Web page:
Radical idea: Charge vendors for software deployed in schools

ZDNet blogger Conz offers up a radical yet thought-provoking idea: Instead of paying for software, shouldn’t public schools actually be billing software vendors for the right to place their wares and branding in front of millions of students? "Much like television and radio stations offer up a bidding system to advertisers who want to capture the eyes and ears of the ‘audience,’ schools could operate a bidding process where vendors bid for accessing students’ attention for their software," he writes. The idea not only would reduce the software costs to schools by hundreds of millions of dollars, but also might cover the costs involved for hardware, networking, and support. "Imagine … if a whole generation of school kids was raised on Linux and open-source software," he writes. "Imagine what that would do to the current proprietary vendors who enjoy a stranglehold in certain platform and application market segments. Imagine again how much said vendors would pay to ensure that never happens. And now you can begin to understand the incredible leverage that … school boards and departments of education have. And yet, they do nothing with that power."

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Syracuse, IBM to build one of the world’s most energy-efficient data centers

IBM, Syracuse University, and New York state have entered into a multiyear agreement to build and operate a new computer data center on the university’s campus that will incorporate advanced infrastructure and smarter computing technologies to make it one of the most energy-efficient data centers in the world, PR Newswire reports. The data center is expected to use 50 percent less energy than a typical data center today, making it one of the "greenest" computer centers in operation. A key element will be an on-site electrical co-generation system that will use natural gas-fueled microturbine engines to generate all electricity for the center and provide cooling for the computer servers. The $12.4 million, 6,000-square-foot data center will feature its own electrical tri-generation system and incorporate IBM’s latest energy-efficient computers and computer-cooling technology. Syracuse will manage and analyze the performance of the center, as well as research and develop new data center energy efficiency analysis and modeling tools. IBM will provide more than $5 million in equipment, design services, and support, and the New York State Energy Research and Development Authority is contributing $2 million to the project…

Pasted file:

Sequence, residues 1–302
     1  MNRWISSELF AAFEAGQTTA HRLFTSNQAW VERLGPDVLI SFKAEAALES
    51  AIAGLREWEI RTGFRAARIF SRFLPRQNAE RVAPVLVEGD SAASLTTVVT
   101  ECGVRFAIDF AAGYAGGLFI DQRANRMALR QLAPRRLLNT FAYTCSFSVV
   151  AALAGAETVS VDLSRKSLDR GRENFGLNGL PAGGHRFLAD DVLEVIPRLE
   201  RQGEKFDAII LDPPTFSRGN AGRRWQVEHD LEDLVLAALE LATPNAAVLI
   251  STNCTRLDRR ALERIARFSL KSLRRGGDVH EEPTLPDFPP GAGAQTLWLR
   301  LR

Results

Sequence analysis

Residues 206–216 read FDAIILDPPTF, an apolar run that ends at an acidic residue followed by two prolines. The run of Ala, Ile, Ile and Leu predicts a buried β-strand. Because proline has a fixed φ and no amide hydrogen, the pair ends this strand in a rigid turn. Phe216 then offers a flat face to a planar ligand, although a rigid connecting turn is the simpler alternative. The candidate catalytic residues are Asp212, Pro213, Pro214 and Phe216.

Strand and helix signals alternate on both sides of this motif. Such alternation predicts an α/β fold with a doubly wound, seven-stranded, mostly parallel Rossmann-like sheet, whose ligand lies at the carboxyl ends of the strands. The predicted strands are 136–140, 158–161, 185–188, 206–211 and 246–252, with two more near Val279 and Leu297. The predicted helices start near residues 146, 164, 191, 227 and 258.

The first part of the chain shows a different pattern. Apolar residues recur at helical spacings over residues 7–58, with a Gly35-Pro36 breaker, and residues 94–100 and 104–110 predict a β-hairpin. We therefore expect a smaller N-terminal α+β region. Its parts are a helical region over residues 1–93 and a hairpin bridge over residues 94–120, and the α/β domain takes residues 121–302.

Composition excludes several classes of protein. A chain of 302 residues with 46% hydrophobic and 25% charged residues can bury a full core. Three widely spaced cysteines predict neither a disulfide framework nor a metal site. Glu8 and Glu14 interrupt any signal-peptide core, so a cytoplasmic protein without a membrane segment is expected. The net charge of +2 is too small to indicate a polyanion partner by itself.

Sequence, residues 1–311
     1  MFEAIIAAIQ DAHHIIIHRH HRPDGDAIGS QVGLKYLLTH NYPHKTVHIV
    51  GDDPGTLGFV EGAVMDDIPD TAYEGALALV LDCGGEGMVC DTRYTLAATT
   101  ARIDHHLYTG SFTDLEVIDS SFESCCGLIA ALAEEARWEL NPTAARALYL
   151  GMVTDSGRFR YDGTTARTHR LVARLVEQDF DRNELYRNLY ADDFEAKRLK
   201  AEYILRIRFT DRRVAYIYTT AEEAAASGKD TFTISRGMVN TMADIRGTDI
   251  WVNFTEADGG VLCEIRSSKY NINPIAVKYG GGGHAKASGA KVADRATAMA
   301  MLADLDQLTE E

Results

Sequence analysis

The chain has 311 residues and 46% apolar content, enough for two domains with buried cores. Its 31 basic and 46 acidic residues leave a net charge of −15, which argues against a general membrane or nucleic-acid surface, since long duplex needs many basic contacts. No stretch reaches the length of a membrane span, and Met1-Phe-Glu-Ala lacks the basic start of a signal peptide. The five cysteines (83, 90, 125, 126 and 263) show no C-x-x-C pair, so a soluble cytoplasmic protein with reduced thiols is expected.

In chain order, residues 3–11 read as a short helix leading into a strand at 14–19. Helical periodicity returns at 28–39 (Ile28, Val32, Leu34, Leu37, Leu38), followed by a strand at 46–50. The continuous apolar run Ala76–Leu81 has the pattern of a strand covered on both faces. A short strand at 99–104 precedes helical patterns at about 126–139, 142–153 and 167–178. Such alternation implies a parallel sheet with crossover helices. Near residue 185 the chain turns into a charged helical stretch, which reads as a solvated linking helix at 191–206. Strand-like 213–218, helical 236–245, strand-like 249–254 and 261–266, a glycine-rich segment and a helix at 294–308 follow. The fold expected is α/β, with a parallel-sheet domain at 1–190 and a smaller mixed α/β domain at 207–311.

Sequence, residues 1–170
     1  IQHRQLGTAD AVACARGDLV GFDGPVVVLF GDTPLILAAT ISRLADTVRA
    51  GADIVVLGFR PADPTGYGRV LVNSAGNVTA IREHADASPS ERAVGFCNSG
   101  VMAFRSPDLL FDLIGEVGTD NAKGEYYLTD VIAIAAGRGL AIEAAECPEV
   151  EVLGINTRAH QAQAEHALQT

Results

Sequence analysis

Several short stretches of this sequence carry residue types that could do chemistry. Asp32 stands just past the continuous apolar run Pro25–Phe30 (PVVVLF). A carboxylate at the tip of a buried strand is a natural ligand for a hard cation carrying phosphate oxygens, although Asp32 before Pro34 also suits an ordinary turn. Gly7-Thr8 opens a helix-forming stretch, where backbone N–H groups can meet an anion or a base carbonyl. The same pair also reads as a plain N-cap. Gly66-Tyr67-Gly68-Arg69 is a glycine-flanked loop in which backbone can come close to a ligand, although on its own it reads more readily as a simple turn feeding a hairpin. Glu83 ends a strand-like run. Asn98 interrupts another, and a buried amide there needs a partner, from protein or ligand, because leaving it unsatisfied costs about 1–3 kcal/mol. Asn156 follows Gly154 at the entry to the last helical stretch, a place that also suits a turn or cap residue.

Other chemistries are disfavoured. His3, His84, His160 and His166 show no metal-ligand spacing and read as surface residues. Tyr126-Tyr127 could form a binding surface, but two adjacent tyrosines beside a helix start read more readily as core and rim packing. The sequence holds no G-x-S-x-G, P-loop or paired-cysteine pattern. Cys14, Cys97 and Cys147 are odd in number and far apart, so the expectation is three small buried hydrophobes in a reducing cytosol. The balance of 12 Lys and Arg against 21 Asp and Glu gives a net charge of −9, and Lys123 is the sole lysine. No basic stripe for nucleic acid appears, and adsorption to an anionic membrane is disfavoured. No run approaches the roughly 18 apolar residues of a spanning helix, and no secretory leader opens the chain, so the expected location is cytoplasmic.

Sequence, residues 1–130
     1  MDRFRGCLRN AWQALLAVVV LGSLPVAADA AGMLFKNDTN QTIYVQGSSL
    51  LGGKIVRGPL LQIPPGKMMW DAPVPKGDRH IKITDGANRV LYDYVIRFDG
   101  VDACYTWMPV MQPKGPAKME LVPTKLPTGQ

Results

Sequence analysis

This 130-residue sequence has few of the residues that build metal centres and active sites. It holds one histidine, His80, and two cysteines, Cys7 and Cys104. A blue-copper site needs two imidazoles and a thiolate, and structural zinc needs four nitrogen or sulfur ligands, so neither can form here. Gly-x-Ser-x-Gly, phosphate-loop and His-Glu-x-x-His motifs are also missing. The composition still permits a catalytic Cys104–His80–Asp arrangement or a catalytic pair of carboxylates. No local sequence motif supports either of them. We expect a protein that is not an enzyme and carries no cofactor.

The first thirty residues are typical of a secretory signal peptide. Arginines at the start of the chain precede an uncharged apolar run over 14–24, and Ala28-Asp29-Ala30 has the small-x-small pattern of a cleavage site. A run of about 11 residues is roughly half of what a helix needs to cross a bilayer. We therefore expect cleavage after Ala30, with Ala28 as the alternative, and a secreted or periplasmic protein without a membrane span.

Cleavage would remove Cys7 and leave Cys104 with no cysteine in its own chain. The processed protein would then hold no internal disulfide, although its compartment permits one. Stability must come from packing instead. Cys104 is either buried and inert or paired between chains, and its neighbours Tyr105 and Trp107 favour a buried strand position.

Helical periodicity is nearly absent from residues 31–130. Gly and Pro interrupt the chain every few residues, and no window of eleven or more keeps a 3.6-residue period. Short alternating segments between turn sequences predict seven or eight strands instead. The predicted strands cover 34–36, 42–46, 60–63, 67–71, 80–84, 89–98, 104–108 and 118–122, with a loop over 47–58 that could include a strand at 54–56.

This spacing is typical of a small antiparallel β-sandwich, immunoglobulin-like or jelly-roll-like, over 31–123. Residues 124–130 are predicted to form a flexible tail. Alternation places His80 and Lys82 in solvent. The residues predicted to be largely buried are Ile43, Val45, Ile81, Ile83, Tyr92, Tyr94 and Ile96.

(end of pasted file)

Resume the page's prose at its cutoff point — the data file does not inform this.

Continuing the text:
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Web site lets New York City parents track data on students

After several months of delays, a web site that offers an interactive portfolio of New York City public school students’ test scores, grades, and attendance rates will be available for all parents by the end of June, reports the New York Times. Schools Chancellor Joel I. Klein called the web site, known as Parent Link, a "powerful tool" that would allow parents to work more closely with teachers to help their children. On the site, parents will be able to view overall course grades and scores on state tests, but not individual scores on class assignments. They’ll also be able to see attendance histories and look at the probability of a student passing state math and English exams, based on how they have scored on periodic city tests. The web site also will show how their child is doing compared with children at schools serving similar student populations. The Parent Link site, which is available in nine languages, is part of an $80 million data and information initiative developed by IBM, known as the Achievement Reporting and Innovation System, or ARIS, which has been slow to take off. Some principals grew so frustrated with its quirks last fall that they improvised their own data management systems. Since then, the city’s Department of Education has improved the system, and it is now easy to use, said Chiara Coletti, a spokeswoman for the principals’ union…

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Hacker’s warning prompts Georgia schools to boost security

Because most high-tech criminals aren’t as accommodating as one recent university hacker, Georgia’s 35 public colleges and universities and network of public libraries are implementing new policies designed to tighten the security of their computers, reports the Augusta Chronicle. Last week, University of Georgia officials began investigating the case of a hacker who contacted the school to report a security vulnerability. The hacker accessed only dummy computer pages and reported a vulnerability the school had already discovered, according to UGA spokesman Tom Jackson. Even though the hacker might have professed pure intentions, snooping around someone else’s computer is against the law. As much as 83 percent of the traffic on the computer network for the public colleges and libraries is unwelcome, according to Stan Gatewood, the chief of information security with the University System of Georgia. Gatewood was hired in August, and since the first of the year, the University System’s Board of Regents has passed additional computer-security policies, including one at this month’s meeting. The policies are designed to safeguard data, develop protocols on passwords and information sharing, and create strategies to ensure computer networks function despite natural disasters…